A SAD story: Seasonal Affective Disorder
- 12:20 am
- 2 Comments
- Anxiety in Teens
When I first moved to Minneapolis from California, my boyfriend who has been living here for most of his life warned me about something that can start to happen when the days get shorter and colder. SAD, or seasonal affective disorder, is a type of depression that can come and go just like the seasons themselves, and it is much more common to develop SAD when living in an area where the weather is particularly dark and cold.
Most doctors believe that SAD is clinically caused by a lack of sunlight on the human body. The sun does not just provide our bodies with warmth; it also adds vital nutrients such as vitamin D. The light itself is even important and in fact one of the best known treatments for SAD is light therapy. There are two kinds of light therapy that I found: Bright light treatment, and Dawn treatment. In the first, you sit in front of a box with a light in it for about an hour or so. In the ladder, there is a light installed in your room that turns on in the morning and becomes gradually brighter in order to simulate sunrise.
Others whom I talked to about the disorder have told me that they do not have SAD, and yet they still feel the effects of the harsh and gloomy winters seasonally, as one with SAD would. This convinced me that even those who do not have SAD can still have the minor symptoms. They usually try and beat the freeze with things like hot tea and cocoa, setting up more lights than usual around the holidays, and even becoming more active. One friend swears that with a quick trip to the gym, along with all of the lights and the televisions on the treadmills, and she feels right back to normal. I have been living here for going on two years now and although I have been struggling with anxiety as well as some minor SAD conditions, my go-to for the, excuse the pun, sad days is a hot coffee or home-made caramel macchiato and my favorite happy movie, usually Tangled.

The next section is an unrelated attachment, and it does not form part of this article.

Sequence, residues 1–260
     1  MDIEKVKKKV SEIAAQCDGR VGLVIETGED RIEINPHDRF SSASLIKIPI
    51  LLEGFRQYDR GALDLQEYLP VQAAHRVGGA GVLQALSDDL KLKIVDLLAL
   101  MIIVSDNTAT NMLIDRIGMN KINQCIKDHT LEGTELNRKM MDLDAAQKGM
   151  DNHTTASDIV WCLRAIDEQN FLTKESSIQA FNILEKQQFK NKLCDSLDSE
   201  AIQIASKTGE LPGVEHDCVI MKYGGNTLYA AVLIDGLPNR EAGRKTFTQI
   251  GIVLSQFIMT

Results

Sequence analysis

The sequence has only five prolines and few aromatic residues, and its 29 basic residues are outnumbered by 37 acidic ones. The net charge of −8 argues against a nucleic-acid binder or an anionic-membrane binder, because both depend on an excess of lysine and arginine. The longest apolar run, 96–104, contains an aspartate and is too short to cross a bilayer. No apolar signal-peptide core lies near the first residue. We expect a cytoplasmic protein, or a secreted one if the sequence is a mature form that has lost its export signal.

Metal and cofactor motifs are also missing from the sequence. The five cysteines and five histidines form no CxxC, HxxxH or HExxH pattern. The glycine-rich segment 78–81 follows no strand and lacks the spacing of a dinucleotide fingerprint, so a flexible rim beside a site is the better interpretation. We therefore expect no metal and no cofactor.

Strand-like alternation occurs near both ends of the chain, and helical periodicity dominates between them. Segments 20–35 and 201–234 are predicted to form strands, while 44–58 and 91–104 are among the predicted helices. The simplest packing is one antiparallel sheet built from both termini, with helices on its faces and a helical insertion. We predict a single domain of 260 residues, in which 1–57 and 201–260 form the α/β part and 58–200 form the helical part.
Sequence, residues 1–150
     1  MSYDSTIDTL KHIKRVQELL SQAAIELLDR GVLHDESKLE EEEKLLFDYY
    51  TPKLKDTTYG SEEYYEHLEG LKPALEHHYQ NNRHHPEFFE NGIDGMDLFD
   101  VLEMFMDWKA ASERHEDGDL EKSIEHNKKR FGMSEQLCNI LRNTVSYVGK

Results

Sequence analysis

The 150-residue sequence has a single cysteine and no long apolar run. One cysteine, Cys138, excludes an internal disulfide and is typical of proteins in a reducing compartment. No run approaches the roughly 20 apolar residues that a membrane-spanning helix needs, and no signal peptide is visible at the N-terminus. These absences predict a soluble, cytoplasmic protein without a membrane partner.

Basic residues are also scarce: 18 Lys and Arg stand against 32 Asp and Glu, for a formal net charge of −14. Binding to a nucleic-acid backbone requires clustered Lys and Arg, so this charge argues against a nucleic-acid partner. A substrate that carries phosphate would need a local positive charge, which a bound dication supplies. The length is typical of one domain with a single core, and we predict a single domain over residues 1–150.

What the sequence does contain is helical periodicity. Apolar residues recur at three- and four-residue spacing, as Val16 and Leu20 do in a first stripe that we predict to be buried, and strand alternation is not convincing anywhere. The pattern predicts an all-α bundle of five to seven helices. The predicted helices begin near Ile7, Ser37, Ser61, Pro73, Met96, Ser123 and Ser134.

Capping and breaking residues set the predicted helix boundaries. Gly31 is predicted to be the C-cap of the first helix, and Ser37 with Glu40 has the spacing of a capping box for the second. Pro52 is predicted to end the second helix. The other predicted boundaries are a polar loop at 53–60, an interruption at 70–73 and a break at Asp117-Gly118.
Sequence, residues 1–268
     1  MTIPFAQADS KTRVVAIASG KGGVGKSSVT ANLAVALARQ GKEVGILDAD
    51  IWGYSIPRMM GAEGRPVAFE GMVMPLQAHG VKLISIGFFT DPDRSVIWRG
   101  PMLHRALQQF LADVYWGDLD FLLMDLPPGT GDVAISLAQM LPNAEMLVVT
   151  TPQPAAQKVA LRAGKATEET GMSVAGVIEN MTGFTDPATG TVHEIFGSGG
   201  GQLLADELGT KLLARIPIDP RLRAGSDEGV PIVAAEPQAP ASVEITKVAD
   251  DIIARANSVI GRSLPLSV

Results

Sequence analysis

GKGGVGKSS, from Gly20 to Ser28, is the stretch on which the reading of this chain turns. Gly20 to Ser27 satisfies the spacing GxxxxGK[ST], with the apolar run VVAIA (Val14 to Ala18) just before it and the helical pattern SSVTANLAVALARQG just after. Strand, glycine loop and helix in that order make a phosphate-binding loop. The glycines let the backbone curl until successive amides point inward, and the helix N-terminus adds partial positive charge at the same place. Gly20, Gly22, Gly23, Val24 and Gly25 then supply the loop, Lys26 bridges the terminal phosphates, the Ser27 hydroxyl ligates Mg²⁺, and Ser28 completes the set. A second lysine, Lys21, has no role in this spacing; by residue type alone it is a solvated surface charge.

People who develop SAD often feel back to their usual happy selves once Spring arrives, but for all those who think they might be affected by SAD, there are clinical ways to feel better. You never have to feel like there are no options. If you feel more gloomy than usual, talk to your doctor. SAD can be an indication of major depression and those who have it may feel a heightened anxiety during the summer seasons. Don’t lose sleep over SAD, and remember that Anxiety in Teens is here to help you remember that you are never alone in any struggle with depression or anxiety.